The stock BMC phase wiring is terminated shortly after exiting the axles with Anderson Power-Pole connectors so the wheels can be easily dismounted for service. 10-Ga marine wire is used from those connectors to the controllers. JST connectors are used for the hall signals.
[editor: We do not recommend direct-drive motors for the front forks on any build for a variety of reasons. However, for the rear motor of a dual-motor build, a direct-drive motor is a good choice. We also want to point out that a DD motor on the rear can provide the option of regen-braking, and also near-silent one-motor operation when desired.]
Controls and Controllers
The bike uses a single Magura throttle to run both controllers via a Cycle Analyst V3 (CA) with power for both controllers routed through a single external Cycle Analyst shunt. Throttle power is drawn from the CA and the CA Throttle Out signal is run in parallel to both controllers. The identical motor/controller/wheel/tire configuration makes the 2WD implementation straightforward since the two identical drive systems share the load and power equally in all situations – the single Cycle Analyst is unaware it is controlling two motors.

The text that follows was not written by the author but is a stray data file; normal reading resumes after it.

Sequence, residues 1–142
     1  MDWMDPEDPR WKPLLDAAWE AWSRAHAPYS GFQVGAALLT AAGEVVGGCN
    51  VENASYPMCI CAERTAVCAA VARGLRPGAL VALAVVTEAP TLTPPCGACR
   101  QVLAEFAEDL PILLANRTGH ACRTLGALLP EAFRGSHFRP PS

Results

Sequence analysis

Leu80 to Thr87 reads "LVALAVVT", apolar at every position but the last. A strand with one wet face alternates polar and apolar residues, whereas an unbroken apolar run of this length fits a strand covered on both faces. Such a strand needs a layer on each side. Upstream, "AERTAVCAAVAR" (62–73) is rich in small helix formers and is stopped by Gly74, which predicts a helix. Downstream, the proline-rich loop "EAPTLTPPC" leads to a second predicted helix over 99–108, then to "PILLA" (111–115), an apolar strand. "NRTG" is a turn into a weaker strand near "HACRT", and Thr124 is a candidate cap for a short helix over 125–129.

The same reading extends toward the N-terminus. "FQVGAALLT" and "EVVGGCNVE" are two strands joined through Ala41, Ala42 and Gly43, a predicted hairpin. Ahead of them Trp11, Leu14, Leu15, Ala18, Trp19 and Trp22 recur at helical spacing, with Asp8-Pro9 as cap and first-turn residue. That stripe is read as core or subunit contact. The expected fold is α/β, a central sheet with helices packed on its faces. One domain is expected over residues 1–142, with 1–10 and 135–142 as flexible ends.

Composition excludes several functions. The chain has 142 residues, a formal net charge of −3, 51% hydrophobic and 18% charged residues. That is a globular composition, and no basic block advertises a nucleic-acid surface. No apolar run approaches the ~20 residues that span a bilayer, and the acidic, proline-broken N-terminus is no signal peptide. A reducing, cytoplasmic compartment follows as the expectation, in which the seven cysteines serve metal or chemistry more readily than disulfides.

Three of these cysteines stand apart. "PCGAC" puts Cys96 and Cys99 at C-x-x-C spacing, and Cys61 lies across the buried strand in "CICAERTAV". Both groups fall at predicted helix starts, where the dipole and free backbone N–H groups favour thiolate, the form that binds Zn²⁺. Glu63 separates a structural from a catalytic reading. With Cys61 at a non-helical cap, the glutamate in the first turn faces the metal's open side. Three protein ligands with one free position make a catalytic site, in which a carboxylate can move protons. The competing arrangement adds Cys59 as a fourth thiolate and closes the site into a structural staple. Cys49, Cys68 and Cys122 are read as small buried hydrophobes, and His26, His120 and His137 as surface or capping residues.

Two operator switches allow on-the-fly selection of either motor (or both) and provide three power levels – all implemented using the Cycle Analyst. With two motors selected the three maximum power levels are 3300/2000/1000 watts but with only a single motor selected the levels are automatically cut in half to 1650/1000/500 watts. The CA ‘Power Throttle’ configuration scales power over the full range of throttle motion for any motor/power combination. Operation is simple and CA does the heavy lifting behind the scenes.